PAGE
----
Rumor concerns utility payments, health care
COLUMBIANA – Inquiring minds want to know: Is the city paying the health care costs of its employees through residents’ utility payments?
East Clark Avenue resident Dan Bekar said a “rumor” is circulating through town the city’s health care and its employees are being paid through the money coming in through utility bills, which is about $30 a month per customer.
“I’m wondering if that is true or false,” he said. “This doesn’t seem right to me. I think the health care costs should be charged through each department the employees work.”
He went on to say that while working as athletic director at Columbiana High School he didn’t take money from the volleyball account to pay his football coaches, which is basically what the city is doing if it is, indeed, paying the costs through the utility bills.
Councilman Dick McBane said the rumor stems from a post on Councilman Bryan Blakeman’s personal website, columbianacitycouncil.com.
The post he was referring to was published on March 7 and titled “Taxation Without Representation,” which is what Blakeman has said on numerous occasions is being done by the city when it pays the salary and health care of employees from a fund fed by customer payments for a particular service.
The post was written following that night’s council meeting in which Finance Director Mike Harold said the city had always taken most of former City Manager Keith Chamberlin’s salary from the electric fund, and the rest from the water and sewer funds.
Service Director Jay Groner’s salary also came from the three funds.
Chamberlin and Groner were both employed with the city for more than 20 years before retiring in December, and their accumulated sick and vacation pay (a combined $40,000 roughly) also came from the three funds, according to Harold.
He had explained the salaries came from the funds because the men spent time working in those departments.
At that council meeting Blakeman argued the salaries should have been paid out of the general fund, not funds in which utility rates are a source of revenue.
In the post on his website he said, “Due to the fact that our enterprise funds (utilities) can pay costs related to that utility, the city can and obviously does set rates based on what it needs. There is not enough money brought in on an annual basis with our city income tax to cover our base health insurance expenses for the year, let alone the entire general operation of the city. It has been determined that is an expense of running the utility and therefore those costs are placed into the utility rate we pay each month. The city is not authorized to levy taxes higher than the 1 percent income tax without a vote, but if we raise utility rates to meet our expenses it is justified.”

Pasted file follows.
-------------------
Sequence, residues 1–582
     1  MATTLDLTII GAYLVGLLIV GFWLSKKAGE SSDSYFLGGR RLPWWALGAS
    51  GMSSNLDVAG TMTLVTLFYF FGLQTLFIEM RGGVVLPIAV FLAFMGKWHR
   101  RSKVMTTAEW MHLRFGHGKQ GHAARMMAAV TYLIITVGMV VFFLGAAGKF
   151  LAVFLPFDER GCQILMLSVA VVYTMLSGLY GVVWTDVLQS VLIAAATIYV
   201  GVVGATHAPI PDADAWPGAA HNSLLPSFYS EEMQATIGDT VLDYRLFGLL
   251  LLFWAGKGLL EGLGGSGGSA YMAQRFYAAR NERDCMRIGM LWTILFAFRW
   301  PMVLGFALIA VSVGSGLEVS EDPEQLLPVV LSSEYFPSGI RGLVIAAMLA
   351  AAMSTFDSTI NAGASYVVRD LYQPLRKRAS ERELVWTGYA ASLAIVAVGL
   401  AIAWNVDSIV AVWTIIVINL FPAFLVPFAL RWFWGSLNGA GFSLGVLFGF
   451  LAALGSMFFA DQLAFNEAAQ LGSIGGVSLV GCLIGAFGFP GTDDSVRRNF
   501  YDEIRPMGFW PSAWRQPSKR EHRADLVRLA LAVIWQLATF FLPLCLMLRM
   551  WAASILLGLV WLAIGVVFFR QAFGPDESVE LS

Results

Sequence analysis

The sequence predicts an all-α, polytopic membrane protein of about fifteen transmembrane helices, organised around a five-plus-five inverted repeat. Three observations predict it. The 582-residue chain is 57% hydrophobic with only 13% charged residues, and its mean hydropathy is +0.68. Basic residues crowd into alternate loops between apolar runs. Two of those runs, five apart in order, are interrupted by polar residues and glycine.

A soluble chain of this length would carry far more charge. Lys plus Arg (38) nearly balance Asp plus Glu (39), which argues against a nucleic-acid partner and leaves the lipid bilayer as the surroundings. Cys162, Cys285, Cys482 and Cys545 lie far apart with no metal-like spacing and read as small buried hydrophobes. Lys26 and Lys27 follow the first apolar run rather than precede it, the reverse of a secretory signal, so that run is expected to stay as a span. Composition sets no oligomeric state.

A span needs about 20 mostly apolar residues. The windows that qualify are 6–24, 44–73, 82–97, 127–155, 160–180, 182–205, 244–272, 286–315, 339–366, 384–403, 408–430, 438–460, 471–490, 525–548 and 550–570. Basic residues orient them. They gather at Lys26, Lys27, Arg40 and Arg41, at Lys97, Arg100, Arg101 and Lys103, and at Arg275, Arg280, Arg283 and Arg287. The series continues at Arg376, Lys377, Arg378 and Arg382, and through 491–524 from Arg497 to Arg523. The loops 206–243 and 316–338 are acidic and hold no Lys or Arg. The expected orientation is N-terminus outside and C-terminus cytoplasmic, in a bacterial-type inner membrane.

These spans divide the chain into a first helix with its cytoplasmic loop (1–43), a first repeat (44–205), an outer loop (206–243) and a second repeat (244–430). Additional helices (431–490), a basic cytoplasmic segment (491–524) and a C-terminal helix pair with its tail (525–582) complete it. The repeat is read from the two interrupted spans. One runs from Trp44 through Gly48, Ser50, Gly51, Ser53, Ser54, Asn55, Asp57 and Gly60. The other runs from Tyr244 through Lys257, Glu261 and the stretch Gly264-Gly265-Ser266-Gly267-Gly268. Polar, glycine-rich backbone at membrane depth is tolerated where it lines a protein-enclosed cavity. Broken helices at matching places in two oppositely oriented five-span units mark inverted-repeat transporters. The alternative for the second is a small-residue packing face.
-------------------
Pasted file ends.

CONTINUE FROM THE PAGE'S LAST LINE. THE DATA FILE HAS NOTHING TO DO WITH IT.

McBane told Bekar Tuesday night that after reading Blakeman’s post he “checked into it.”
To Blakeman he said, “If it were true, you might have a good point … what you posted wasn’t correct.”
He explained that after “going through the numbers” he didn’t see a “significant amount” of health care costs going to the utility funds, and if there was, the labor overhead in those funds would be much larger than the general fund.
“It turns out each and every fund has approximately the same amount of overhead,” he said.
Blakeman responded he would provide the numbers at the next council meeting for discussion, which prompted Councilman Lowell Schloneger to announce he had them already at his disposal, and had been keeping them handy for such an occasion.
“Ever since that was posted I’ve been carrying them in my packet every month and I wasn’t going to bring it up unless someone did,” he said.
Blakeman again said he would like to go over the matter at the next meeting and the discussion ended.
When asked after the meeting if it was true the city was paying its health care costs through the utility bills, City Manager Lance Willard said it was not.
“They are coming out of each individual fund,” he said.
He then directed additional questions, including those related to his salary, to Finance Director Mike Harold, who was not present for the meeting.